Borzoi Breed Guide

Borzois are graceful dogs with tall, slender frames. Their long, silky coats are wavy, curly, or flat and come in any color or combination of colors, including white, bronze, tan, and gray. They have a strong neck and jaw and dark eyes. At the shoulder, these dogs measure a minimum of 26 inches tall for females and 28 inches tall for males. Borzoi dogs weigh 55 to 120 pounds and live up to 12 years with proper care.

Borzois enjoy a quick sprint followed by some downtime on the sofa. They're happy to accompanying family members on a short jog, but they don't appreciate being forced into exercise.

These dogs hunt by sight, not scent, and can chase quarry over long distances. They are large dogs but make great house pets. They are also stunningly beautiful, love attention, and are excellent companions to people of all ages.

Because of their elegance and long, flowing coats, these dogs are favorites of photographers, artists, and aristocrats.

Borzois are an affectionate and sometimes sensitive breed that is calm and well-mannered around the house. They can seem somewhat cat-like due to their independent and undemanding natures. These dogs prefer a calm and peaceful environment, and they tend toward serious and sensible. However, they can also act silly when the mood strikes.

These dogs are intensely loyal to their human families, and they are very good with older children. Because they don't always like to play around, they may be intolerant of small children. Borzois are reserved with strangers, and may even come across as timid.

Although they are generally clean, quiet, and calm, these dogs are best suited for active families. They certainly enjoy relaxing activities, but they also need to get out and about on occasion. Borzois enjoy a quick sprint followed by some downtime on the sofa. They're happy to accompanying family members on a short jog, but they don't appreciate being forced into exercise.

A generally healthy breed, Borzois are prone to some genetic conditions, including wobbler's syndrome, a condition associated with spinal cord compression on the neck. Wobbler's syndrome causes a lack of coordination and swaying or wobbling during movement.

Borzois are also more prone than some other breeds to developing bone fractures, hip dysplasia, heart disease, hypothyroidism, and eye problems, such as cataracts and progressive retinal atrophy. These dogs are also affected by bloat, a condition that can lead to gastric torsion, which is potentially fatal and requires immediate surgery. Feeding smaller meals helps reduce the risk of bloat in this breed. Additionally, Borzois are sensitive to anesthesia.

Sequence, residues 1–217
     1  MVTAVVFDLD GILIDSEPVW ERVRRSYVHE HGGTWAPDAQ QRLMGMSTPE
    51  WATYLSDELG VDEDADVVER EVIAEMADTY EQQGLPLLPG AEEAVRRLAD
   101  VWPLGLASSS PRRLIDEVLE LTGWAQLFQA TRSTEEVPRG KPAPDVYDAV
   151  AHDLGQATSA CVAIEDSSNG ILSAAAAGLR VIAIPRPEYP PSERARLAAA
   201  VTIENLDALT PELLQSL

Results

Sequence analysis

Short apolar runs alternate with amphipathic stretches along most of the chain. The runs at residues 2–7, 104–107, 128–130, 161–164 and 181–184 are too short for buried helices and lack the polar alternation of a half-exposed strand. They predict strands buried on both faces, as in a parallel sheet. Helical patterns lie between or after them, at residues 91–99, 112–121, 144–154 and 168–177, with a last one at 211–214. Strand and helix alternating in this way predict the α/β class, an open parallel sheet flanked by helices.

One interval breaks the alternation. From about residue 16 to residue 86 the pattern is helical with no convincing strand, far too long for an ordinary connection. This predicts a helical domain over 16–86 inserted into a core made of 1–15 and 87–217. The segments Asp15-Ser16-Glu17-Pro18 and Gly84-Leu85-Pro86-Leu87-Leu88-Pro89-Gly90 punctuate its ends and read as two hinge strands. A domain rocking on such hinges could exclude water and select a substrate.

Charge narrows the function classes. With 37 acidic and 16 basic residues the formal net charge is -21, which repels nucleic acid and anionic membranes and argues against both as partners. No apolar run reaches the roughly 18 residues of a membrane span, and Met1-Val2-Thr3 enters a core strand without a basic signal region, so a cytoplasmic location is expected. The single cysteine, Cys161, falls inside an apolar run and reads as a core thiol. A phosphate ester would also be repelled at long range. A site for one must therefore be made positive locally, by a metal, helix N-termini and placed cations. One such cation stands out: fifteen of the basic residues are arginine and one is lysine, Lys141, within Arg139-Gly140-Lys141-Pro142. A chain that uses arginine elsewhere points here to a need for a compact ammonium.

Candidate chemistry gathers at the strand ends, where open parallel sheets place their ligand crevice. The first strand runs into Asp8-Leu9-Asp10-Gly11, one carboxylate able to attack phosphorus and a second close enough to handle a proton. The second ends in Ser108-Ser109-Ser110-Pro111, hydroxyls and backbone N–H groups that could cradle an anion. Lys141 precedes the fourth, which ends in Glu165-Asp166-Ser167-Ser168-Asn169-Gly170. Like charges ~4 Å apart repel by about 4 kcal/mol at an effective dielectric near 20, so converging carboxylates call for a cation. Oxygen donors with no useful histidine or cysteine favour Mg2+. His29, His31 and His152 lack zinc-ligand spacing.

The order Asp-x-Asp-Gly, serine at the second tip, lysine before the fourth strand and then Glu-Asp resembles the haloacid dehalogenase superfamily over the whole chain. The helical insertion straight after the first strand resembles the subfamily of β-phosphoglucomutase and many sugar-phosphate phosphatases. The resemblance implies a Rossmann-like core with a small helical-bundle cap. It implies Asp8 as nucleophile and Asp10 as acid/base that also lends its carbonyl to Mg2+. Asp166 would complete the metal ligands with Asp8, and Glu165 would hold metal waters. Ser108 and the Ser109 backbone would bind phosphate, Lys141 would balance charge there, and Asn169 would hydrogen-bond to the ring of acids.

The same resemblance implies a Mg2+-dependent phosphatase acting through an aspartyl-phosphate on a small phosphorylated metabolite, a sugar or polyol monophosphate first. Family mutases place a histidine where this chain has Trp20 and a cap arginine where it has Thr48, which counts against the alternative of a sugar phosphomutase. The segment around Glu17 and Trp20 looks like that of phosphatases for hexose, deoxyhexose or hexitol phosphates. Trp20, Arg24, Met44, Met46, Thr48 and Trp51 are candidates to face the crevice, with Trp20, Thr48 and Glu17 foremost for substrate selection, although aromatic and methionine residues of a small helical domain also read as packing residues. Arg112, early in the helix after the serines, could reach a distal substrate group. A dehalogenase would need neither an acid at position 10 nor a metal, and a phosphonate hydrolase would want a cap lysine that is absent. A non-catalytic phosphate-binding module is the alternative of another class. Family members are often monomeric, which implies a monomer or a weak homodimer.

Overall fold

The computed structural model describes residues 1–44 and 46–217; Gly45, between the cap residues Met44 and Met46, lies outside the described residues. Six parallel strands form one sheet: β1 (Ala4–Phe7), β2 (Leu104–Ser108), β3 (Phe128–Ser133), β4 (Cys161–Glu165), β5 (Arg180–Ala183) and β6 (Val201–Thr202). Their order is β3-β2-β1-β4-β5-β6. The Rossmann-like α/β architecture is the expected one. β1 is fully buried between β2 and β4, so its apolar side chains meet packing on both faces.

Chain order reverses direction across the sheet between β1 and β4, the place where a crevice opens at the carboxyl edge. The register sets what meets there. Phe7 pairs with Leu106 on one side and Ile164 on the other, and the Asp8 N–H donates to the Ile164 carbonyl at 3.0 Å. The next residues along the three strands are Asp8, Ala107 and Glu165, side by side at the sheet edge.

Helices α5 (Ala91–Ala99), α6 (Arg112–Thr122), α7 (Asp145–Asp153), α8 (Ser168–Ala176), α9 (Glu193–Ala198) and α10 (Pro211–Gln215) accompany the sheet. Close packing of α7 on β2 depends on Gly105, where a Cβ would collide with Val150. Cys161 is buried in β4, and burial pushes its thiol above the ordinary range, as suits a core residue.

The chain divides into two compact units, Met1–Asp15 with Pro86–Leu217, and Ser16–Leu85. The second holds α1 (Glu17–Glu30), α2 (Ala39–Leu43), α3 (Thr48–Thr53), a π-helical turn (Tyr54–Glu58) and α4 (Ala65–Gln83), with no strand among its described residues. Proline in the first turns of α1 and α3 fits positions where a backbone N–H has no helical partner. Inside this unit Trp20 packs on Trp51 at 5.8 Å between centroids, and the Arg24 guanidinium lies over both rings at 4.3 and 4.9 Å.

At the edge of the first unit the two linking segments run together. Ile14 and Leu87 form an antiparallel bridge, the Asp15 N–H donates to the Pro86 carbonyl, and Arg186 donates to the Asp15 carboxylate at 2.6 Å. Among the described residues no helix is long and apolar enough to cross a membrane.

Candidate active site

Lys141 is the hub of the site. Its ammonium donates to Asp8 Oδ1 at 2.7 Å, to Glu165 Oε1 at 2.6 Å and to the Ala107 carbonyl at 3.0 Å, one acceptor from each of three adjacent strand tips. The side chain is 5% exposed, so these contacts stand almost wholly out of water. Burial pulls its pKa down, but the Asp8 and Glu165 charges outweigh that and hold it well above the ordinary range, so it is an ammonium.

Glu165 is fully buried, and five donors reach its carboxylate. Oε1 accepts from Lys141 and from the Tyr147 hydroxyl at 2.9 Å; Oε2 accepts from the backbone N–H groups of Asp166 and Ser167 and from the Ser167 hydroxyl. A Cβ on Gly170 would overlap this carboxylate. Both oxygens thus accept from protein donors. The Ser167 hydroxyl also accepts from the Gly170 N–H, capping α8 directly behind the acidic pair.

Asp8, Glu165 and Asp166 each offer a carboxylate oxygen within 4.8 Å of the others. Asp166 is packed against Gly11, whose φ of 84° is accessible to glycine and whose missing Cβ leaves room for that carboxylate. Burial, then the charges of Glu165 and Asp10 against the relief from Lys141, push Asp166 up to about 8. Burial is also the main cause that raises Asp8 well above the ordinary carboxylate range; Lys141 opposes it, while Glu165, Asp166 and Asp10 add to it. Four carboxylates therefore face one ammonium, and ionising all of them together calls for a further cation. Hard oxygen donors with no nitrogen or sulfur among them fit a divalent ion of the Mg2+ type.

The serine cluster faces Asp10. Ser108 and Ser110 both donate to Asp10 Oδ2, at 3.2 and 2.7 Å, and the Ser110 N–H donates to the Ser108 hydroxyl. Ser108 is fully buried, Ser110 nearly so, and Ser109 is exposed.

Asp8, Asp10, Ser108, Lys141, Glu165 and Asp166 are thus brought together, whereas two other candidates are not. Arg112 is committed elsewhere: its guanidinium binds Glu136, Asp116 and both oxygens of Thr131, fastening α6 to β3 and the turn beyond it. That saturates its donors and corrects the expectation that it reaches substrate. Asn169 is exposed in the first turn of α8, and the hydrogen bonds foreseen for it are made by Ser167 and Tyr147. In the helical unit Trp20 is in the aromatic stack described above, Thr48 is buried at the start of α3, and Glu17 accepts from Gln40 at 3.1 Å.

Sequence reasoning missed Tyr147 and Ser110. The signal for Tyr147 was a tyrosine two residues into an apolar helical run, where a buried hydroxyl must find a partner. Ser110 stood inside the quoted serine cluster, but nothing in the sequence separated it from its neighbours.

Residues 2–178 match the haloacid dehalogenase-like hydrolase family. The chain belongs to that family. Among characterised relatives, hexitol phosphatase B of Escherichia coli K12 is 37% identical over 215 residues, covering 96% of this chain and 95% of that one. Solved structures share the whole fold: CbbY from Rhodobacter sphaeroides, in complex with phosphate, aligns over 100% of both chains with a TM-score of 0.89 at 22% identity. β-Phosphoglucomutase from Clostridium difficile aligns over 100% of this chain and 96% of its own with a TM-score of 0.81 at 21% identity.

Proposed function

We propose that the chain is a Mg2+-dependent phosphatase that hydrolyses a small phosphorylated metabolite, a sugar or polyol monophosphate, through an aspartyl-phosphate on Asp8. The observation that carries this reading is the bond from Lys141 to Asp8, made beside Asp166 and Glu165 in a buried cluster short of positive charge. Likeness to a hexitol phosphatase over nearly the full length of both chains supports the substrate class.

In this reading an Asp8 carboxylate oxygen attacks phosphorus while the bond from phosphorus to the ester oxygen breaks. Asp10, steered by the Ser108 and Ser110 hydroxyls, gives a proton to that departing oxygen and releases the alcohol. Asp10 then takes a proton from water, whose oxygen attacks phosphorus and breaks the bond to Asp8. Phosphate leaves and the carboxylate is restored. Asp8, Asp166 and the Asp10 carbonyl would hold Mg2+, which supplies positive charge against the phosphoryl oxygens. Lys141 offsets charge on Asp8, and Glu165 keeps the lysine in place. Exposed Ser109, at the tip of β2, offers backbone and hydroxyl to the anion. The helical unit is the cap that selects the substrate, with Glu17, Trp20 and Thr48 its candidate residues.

Proper nutrition, regular activity, standard vaccinations, and routine veterinary care help ensure Borzoi dogs live a full life of 12 years.

Borzois are fairly easy to train if the only concerns are standard behavior issues and learning basic commands. Serious training is a bit more challenging when it comes to these dogs, which is why it is so fortunate that Borzois are generally well behaved. The key to training this breed is finding the right motivational tool. Many people have great success using food rewards.

It's important to train Borzois from an early age not to jump on people. Their large size makes them dangerous, especially to small children. Some Borzois make good watchdogs, but in general, the breed tends to be trusting and friendly, even toward strangers. However, the big size of these dogs deters most strangers, anyway.

Borzois need to exercise every day or their health and behavior suffer. Walking is great but it is not enough. These dogs need to sprint on occasion. They will chase anything that runs, walks, or slithers, and so they must be kept on a leash or confined to a fenced yard. They have an extremely strong instinctive desire to run and chase that cannot always be overcome with training. This makes it extra important to provide a safe play and exercise area for Borzoi puppies and dogs.

The Borzois lustrous coat requires regular brushing and bathing to prevent dulling. It doesn't tend to become very dirty, though, as it's resistant to dirt and mud and both tend to drop off the coat once it dries. These dogs should be brushed a few times each week with a pin brush, and the coat needs checking for mats, especially where the legs meet the body and behind the ears. These dogs shed during spring and fall.

Borzois are sensitive about having their feet touched. Starting grooming early in life and touching or petting them frequently is of benefit. Dogs that spend a lot of time outdoors are prone to mats and tangles. Keeping the Borzoi's feathering cut short can help with this. A professional groomer may be necessary.

These dogs have a habit of dragging their ears through their food dish at meal times. If this becomes a problem, putting the ears up in a snood will keep them clean. Keeping the ears clean and dry will help prevent infections. The nails should be trimmed every few weeks, or as needed, and the teeth should be brushed regularly to ensure dental health.

The Borzoi is an old breed that can be traced back to 1650 Russia and is related to the Greyhound. These dogs were developed by crossing a thick-coated Russian dog breed with Arabian Greyhounds, and they were originally created to hunt hare, wolves, and fox.

They have been bred for hundreds of years by the Russian aristocracy and were known as Russian Wolfhounds in the United States until 1936. Sadly, many of these dogs were slaughtered following the Russian Revolution due to their association with Russian aristocracy.

Today, Borzois are seen in the companion and show rings but are most popular in the lure coursing field. They are also popular pets because of their beauty, calm personality, and affectionate nature. These dogs are also sometimes employed for their guarding or hunting skills.

The American Kennel Club officially recognized the Borzoi in 1891.